“We used to have a deal: A rising tide lifted all boats. These days, a few gleaming yachts power comfortably past the wreckage of smaller vessels… executive pay at the country’s largest companies has more than quadrupled since the 1970s. Median wages have stagnated through much of that time and declined since the crisis.” — Ezra Klein
The CEOs have a point. Not on the tax holiday for overseas income — that’s a scam. But the U.S. could make it easier to do business here. We do need more high-skills visas. We do need to reform our tax code, reduce our deficit, upgrade our education system and repair our infrastructure. We even need to compete with the incentives these companies receive to relocate their factories and research centers; it’s a fact of the modern economy, and we can’t pretend otherwise.
But the self-pitying, self-righteous tone of these complaints misses the big picture, and makes the underlying problem worse: The rest of America doesn’t trust corporate America right now. The rich have been getting fabulously richer, corporate America is sitting on trillions in cash reserves, and where has that gotten the rest of the country? A shabby, jobless recovery in the early Aughts, followed by a credit bubble, followed by a crash in which ordinary Americans had to bail out Wall Street, followed by the worst economy in generations.
[…] That’s why corporate America’s solutions are looked on with suspicion. Executives say corporate-tax reform and more immigration would be good for the economy? Well, they said that about the Bush tax cuts along with financial deregulation, the rise in housing prices and credit-default swaps, too. But that era ended with Main Street a shambles and Wall Street richer than ever. Fool me once, and all that.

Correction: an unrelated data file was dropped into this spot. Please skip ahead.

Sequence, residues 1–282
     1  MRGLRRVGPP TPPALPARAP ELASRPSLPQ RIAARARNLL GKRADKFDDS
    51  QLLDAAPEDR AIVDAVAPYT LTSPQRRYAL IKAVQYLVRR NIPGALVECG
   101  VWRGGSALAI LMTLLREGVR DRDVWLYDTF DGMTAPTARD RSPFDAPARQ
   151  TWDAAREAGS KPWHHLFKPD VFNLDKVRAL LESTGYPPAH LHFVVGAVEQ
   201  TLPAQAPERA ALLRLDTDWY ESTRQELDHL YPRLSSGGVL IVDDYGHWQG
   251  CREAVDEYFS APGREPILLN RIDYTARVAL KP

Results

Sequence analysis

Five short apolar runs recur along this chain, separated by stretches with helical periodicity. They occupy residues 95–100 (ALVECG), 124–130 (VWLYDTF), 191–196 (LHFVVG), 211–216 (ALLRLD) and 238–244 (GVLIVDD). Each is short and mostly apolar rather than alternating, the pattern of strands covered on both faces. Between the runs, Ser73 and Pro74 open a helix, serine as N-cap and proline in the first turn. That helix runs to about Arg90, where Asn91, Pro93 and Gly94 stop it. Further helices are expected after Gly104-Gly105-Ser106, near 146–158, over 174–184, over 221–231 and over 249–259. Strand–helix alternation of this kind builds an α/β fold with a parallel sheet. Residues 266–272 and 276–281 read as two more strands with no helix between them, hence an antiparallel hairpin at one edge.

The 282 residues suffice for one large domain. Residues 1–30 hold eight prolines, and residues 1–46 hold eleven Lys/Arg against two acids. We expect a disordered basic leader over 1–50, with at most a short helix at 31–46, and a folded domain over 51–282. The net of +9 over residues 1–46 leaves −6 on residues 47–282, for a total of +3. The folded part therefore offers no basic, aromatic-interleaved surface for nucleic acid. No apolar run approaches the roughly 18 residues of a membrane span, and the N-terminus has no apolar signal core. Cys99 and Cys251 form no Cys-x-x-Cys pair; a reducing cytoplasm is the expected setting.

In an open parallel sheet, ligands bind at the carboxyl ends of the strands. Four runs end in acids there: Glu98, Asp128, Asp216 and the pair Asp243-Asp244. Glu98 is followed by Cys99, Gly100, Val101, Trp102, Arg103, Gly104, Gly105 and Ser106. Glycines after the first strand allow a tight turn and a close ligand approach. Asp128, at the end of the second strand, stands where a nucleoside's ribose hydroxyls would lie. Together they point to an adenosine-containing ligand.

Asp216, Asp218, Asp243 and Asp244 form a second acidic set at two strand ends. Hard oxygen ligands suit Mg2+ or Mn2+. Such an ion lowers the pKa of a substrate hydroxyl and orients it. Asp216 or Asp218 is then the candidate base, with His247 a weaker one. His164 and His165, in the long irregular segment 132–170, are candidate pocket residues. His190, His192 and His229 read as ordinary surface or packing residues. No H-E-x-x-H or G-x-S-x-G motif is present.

Anyone interested in the capital-gains tax and the marginal rate on income over $250,000 should spend an hour or two paging through the stories at WeAreThe99Percent. The blog, which posts pictures of people holding signs describing their situation, is a powerful primer on the very real sense of betrayal rippling through the country.
KEEP THIS IN MIND: do you immediately jump to the defense of the CEO’s right to make a huge salary? If so, understand that NO ONE disputes that right. So what do you suppose is the BASIC ISSUE after that knee jerk, ideological malarkey?
Buffett’s sin is that he spoke a truth that conservatives want to keep covered up: Taxing capital gains at 15 percent means that people who make their money from investments pay taxes at a much lower marginal rate than those who earn more than $34,500 a year from their labor…
Advocates of higher taxes on the wealthy do not want to “punish” the successful. Buffett and Doug Edwards, a millionaire who asked Obama at a recent town hall event in California to raise his taxes, are saying that none of us succeeds solely because of personal effort. We are all lucky to have been born in — or, for immigrants, admitted to — a country where the rule of law is strong, where property is safe, where a vast infrastructure has been built over generations, where our colleges and universities are the envy of the world, and where government protects our liberties.